The Bride unwaveringly continues on her roaring rampage of revenge against the band of assassins who had tried to kill her and her unborn child. She visits each of her former associates one-by-one, checking off the victims on her Death List Five until there's nothing left to do … but kill Bill.
07 Mar Kill Bill: Vol. 2 (2004)
Used Record Store
There are movies that are well done; there are movies that satisfy; there are those that work, those that stick, those that transcend time to become classics and those that change lives. None of these measures necessarily has anything to do with each other and any can produce a movie worth watching.
Quentin usually bores me because he is a mere shopkeeper rather than an artist. When it comes time to squeeze out some cinematic matter, it doesn’t seem to come from his soul but from his catalog of very fine components. There is an art to arranging them nicely, but unlike his friend Rodriguez he doesn’t make them his own.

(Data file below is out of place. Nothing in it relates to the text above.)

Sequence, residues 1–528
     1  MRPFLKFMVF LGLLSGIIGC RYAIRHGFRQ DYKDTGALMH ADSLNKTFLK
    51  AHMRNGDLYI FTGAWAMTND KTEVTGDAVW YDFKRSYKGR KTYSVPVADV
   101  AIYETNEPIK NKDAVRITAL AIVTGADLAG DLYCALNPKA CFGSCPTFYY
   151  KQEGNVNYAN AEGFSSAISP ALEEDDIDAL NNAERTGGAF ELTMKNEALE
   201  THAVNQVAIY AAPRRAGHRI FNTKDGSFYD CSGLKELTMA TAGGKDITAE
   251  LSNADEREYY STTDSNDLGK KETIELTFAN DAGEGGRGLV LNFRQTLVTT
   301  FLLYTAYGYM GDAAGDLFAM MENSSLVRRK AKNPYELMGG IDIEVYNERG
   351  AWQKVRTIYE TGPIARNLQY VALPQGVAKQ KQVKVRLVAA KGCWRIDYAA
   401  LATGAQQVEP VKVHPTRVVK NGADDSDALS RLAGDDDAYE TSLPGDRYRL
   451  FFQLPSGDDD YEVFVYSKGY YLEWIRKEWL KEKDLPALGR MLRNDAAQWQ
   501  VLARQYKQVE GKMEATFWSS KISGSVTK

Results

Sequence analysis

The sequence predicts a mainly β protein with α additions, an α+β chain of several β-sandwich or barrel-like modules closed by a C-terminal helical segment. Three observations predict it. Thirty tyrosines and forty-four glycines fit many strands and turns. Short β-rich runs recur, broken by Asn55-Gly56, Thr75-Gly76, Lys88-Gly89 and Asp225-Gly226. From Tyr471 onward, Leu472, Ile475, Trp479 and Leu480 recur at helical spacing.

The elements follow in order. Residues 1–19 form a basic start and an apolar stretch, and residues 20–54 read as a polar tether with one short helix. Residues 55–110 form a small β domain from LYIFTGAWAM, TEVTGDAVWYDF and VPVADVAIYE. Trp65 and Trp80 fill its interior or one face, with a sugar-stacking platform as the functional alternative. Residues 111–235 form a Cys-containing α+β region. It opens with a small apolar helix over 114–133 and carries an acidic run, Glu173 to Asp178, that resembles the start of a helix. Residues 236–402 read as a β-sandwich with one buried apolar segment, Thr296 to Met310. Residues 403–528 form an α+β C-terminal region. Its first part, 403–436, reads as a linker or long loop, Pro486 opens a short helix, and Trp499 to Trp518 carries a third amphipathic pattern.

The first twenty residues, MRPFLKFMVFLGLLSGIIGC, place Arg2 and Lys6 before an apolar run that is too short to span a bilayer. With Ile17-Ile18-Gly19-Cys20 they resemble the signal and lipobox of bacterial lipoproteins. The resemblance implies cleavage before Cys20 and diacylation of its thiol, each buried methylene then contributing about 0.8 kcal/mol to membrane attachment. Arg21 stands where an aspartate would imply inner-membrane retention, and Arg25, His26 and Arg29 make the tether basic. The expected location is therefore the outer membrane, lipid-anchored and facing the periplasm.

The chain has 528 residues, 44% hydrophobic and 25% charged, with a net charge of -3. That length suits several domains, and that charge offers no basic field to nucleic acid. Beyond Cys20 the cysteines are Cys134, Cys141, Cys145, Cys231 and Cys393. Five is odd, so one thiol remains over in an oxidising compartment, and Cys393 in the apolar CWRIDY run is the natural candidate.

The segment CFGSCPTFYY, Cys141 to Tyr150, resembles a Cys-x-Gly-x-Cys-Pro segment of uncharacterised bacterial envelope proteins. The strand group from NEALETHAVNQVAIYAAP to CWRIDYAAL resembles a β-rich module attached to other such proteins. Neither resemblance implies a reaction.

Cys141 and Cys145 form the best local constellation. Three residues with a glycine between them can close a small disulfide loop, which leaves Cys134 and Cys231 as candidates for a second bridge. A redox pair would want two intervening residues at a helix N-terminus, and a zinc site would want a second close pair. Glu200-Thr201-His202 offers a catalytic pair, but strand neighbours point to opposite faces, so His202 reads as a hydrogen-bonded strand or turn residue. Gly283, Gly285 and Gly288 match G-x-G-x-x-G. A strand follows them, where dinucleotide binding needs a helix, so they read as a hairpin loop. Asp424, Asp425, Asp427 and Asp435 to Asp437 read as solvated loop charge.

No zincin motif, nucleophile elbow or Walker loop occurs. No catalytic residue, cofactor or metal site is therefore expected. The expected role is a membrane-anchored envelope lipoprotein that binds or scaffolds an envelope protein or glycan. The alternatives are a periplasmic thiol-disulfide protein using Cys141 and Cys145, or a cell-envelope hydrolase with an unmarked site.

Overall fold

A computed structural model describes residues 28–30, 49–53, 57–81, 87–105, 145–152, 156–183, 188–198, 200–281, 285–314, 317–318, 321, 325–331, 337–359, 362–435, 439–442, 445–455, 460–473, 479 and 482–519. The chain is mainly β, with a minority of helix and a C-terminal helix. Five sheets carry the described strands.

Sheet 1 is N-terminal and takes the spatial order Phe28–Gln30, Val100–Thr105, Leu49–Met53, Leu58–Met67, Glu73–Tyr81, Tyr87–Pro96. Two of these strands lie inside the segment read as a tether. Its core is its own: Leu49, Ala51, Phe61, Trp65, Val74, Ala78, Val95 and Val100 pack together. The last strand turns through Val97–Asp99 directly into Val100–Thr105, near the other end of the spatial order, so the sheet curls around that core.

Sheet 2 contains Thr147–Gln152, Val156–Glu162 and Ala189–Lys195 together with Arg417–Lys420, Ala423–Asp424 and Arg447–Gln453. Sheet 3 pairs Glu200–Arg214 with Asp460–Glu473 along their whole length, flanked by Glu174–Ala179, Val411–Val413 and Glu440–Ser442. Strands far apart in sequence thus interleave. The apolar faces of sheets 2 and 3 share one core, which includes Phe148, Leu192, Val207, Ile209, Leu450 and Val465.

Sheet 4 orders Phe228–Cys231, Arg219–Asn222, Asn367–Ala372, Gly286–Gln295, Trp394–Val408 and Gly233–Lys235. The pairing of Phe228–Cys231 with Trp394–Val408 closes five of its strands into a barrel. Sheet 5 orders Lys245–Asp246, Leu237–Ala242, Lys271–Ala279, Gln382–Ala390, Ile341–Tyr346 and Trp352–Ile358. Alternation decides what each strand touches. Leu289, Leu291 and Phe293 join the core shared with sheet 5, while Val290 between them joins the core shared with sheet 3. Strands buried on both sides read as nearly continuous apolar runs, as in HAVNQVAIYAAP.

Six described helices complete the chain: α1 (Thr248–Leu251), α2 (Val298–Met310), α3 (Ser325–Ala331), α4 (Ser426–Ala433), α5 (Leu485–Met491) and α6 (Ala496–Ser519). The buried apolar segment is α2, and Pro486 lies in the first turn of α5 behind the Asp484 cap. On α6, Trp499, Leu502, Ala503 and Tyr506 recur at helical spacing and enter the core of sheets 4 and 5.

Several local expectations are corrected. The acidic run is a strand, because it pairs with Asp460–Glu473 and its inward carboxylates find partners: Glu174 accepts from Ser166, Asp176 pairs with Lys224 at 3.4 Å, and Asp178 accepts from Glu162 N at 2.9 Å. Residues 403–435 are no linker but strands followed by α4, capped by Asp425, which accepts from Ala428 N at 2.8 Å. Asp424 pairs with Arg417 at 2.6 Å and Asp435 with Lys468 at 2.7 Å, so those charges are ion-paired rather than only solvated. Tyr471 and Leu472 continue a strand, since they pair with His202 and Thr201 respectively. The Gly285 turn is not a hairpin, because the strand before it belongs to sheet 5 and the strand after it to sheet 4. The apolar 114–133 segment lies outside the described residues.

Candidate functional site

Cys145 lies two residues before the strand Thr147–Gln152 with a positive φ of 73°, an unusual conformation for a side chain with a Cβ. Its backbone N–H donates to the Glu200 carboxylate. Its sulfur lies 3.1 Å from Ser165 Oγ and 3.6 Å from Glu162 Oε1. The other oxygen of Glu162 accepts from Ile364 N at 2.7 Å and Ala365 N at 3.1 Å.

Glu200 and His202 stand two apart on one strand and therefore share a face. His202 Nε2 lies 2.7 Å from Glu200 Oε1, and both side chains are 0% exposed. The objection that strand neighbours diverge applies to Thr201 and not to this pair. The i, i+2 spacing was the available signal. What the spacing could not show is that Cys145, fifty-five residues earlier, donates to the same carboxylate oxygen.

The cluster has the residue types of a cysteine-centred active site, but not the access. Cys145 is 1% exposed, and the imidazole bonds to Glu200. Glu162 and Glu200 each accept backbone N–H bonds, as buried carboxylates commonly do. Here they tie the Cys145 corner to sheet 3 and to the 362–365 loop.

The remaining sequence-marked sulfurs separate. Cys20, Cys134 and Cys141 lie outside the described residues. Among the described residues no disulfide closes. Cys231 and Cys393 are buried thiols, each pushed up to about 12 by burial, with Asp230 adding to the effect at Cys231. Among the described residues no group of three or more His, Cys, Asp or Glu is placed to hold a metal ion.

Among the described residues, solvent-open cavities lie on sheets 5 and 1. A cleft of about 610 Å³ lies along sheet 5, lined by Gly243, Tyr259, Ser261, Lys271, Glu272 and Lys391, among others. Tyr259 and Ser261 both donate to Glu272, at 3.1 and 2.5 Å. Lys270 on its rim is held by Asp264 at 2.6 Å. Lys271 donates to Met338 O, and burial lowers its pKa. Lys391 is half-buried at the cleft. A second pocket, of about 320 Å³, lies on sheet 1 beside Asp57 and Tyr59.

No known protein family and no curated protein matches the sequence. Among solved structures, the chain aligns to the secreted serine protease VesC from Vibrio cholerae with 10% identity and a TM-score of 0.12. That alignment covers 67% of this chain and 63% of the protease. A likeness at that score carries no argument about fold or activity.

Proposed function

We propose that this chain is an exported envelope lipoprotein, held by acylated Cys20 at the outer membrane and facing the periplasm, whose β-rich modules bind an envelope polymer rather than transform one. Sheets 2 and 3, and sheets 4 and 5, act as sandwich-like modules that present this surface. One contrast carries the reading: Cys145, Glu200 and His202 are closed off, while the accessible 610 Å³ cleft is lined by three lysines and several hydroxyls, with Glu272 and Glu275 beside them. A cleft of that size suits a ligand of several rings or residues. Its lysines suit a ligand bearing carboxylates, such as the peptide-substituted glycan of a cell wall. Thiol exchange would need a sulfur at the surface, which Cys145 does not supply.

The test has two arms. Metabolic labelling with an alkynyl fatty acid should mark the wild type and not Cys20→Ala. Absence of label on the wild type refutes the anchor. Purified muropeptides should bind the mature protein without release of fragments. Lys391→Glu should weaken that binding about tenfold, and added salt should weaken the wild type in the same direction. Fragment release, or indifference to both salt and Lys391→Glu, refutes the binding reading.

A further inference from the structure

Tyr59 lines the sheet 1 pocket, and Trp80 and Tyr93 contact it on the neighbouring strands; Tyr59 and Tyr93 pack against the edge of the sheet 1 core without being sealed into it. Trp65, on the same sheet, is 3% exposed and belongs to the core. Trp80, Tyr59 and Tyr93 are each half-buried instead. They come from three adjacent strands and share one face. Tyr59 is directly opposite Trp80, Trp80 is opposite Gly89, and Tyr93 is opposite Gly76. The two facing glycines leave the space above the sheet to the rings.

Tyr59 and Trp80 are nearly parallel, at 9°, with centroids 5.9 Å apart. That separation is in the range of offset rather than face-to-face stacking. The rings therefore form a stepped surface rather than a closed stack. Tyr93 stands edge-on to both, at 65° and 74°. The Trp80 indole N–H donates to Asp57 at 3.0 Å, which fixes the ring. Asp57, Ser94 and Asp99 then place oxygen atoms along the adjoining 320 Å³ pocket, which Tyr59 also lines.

What does a clever man do with this condition? He makes a movie about it. The story is about someone who has a killer talent and upon deciding to create something (a baby in the story) chooses to become a used “record” store clerk. All viewers will surely know that QT was himself such a clerk at a “used” video store, where he carefully built his vocabulary of things to use here (his western influences) and in Vol 1 (his Asian ones).
The movie is nominally an action picture but the story is all built around some dialogue focused on the end: is it possible to both learn from a master and be a shopkeeper? Is it tenable to make a movie that does nothing but masterfully cite masters, always an apprentice? At what point can the self-loathing of inadequacy be turned to make the subtext original, personal and self-reflexive? Can we ever keep the BB?
I liked this because it pretends to be the Bride, but really is Pris with one Bladerunner’s eye.
Posted in 2004
Ted’s Evaluation — 3 of 3: Worth watching.